fishing for words

(and tossing out random thoughts)

on the (hidden) cost of visiting a “local” fly shop

1 Comment

Sure, deceit is rampant in fly fishing. A common non-answer answer to “What fly you using?” might be, “Well, they’re looking at dries, taking some nymphs too, but streamers might work.” And it’s always delivered with a grin.

That same grin might go along with a tale about the latest and great gear gotten at a great price, but often left unsaid is the “where” of that purchase. While I pondered the gift certificates on my desk and personally wrestled with this question of “where” the last few weeks, it dawned on me that me and my generation maybe the last one with truly equal footing in the pre- and post-Internet world.

My nearest fly shop is about 17 miles away, not too far. It’s a modest affair and on the surface, like many fly shops, seems to have had its struggles over the years. Inventory can still be hit or miss.

The Orvis gift certificates on my desk, however, made the choice between shopping online and visiting a brick-and-mortar shop both a logistical and a financial decision. The closest store, in San Francisco, closed last year. I could shop online, but wading boots were on my list, and just as much as I wouldn’t buy a fly rod without casting it first, I generally don’t buy anything that will be worn without test fitting. I also detest the drawn out process of buying, returning and awaiting shipment of a replacement item.

That’s why the wife and I ended up at the Roseville Orvis store, 80 miles away from home, a weekend ago.

We made a day of it, stopping to walk in Discovery Park along the American River, just above its confluence with the Sacramento River. The weather was great and the river was dotted with boats of anglers searching for the first salmon of the Central Valley season.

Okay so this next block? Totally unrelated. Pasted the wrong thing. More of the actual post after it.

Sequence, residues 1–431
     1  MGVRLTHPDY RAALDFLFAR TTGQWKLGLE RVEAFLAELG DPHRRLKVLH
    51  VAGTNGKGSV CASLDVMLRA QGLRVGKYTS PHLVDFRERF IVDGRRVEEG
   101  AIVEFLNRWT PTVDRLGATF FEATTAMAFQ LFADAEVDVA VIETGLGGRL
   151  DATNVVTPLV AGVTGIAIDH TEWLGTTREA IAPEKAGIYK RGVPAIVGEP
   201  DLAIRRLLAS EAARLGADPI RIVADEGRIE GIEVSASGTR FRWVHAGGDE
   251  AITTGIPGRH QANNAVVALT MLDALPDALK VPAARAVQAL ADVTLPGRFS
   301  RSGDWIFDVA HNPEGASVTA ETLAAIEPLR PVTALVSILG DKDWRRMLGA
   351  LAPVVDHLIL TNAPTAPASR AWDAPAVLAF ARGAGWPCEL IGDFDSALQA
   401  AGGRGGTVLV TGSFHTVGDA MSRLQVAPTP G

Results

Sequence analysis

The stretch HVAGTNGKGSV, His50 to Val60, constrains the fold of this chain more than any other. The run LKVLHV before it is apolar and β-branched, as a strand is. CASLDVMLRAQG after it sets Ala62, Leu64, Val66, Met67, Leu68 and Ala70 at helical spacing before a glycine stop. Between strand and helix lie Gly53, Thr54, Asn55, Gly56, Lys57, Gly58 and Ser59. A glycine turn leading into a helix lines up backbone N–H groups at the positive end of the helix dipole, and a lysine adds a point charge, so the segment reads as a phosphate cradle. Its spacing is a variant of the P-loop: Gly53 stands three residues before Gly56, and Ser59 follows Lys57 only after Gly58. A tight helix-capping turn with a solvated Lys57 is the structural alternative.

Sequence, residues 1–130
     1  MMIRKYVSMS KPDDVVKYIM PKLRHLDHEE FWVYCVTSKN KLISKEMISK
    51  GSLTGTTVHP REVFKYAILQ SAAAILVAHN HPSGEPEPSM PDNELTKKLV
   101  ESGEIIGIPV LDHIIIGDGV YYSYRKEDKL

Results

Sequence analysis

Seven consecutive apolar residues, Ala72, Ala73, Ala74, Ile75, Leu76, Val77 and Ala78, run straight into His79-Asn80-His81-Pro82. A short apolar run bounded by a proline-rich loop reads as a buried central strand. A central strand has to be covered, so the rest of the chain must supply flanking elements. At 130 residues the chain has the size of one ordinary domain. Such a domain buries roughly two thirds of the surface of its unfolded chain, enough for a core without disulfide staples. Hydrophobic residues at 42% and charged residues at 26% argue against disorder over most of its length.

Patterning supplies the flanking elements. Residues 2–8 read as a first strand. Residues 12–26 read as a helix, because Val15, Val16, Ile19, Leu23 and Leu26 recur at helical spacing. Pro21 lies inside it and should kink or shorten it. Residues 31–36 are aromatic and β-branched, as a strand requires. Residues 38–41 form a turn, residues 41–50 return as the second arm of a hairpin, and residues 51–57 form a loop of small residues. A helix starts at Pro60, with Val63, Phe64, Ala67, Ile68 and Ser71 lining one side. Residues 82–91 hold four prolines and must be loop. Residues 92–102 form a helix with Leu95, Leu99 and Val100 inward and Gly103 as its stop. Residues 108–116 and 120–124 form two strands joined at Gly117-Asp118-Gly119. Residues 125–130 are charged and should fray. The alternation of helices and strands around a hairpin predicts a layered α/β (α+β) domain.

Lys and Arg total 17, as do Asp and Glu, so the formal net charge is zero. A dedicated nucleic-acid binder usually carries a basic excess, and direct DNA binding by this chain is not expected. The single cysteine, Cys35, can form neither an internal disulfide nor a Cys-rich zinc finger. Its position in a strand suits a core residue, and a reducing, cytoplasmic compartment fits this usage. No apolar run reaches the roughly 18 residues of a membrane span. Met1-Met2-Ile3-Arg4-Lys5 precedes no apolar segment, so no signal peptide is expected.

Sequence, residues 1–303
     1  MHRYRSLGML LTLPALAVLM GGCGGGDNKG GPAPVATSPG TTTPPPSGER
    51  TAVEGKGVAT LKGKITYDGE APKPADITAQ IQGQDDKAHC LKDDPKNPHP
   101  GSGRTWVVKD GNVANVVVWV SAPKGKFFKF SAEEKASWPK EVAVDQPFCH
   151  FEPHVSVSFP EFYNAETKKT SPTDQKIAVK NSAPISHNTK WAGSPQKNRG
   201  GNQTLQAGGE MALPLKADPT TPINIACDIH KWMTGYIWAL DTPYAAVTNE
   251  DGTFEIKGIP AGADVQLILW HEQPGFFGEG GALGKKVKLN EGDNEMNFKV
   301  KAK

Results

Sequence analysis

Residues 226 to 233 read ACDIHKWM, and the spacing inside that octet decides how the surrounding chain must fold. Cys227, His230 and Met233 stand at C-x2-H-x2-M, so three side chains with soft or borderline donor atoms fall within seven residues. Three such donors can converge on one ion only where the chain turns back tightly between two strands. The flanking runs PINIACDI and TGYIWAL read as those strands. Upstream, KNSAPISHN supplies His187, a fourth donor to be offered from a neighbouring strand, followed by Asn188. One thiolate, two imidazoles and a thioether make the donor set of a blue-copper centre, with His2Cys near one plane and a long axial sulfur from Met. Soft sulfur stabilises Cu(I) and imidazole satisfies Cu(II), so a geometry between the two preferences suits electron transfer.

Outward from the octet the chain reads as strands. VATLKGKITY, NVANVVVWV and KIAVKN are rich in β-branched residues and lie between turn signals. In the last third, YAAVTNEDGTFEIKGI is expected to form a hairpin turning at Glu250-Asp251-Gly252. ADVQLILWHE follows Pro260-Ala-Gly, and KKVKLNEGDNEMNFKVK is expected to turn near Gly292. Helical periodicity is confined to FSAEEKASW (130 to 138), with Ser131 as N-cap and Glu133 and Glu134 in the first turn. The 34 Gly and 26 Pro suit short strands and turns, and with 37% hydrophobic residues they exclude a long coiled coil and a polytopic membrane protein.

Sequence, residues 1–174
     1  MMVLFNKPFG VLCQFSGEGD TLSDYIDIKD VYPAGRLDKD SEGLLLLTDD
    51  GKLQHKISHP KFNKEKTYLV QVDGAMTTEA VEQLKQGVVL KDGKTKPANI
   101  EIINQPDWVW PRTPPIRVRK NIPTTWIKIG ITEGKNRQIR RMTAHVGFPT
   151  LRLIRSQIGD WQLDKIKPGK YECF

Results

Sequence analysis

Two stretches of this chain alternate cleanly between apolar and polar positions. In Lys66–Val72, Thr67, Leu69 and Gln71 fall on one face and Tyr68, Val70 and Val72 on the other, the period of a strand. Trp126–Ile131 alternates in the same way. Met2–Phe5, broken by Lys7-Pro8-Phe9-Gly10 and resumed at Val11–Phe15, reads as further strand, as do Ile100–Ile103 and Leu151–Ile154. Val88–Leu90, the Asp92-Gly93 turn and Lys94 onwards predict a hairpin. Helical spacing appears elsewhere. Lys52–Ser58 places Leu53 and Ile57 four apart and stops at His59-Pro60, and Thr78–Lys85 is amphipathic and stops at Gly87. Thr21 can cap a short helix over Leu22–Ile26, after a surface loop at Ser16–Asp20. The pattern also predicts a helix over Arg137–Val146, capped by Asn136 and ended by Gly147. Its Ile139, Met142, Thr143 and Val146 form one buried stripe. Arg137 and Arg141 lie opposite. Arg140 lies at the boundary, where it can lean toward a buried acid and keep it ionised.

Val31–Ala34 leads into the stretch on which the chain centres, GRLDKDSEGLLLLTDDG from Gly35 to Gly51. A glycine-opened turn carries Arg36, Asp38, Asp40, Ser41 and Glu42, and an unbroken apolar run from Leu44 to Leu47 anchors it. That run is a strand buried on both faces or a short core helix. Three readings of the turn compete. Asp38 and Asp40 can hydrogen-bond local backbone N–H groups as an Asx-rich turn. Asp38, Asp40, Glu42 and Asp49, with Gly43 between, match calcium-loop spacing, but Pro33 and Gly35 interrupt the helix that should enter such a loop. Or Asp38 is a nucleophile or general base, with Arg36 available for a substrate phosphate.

packWe found the Orvis store after realizing it had moved and, feeling a bit like a dork, I carried my waders and socks on the walk to the store. The waders gave me away as soon as I entered the store, and soon I was set with new rubber-soled wading boots. (My old felt boots are still serviceable, but will be relegated to a back role and waters known to be invasive species free.) A small chest pack was selected and a day pack ordered. More than a few flies made it into the bag.

I enjoyed the friendly banter with Frank – comparisons of fishing experiences, hints and suggestions of waters that deserve a visit – something that’ll never be matched online. And there was no cost to fondle wiggle test rods on my wish list.

Fuel to Get There: $18.45
Entrance Fee at Discovery Park: $5.00
Lunch at Smashburger: $10.52
Plenty of New Fly Fishing Gear: Don’t Ask
Personal Service from Guy Who Actually Uses the Gear: Priceless
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One thought on “on the (hidden) cost of visiting a “local” fly shop

  1. I didn’t know there was an Orvis store in Roseville. Although, I usually never get past Fly Fishing Specialities in Citrus Heights when I’m up that way.

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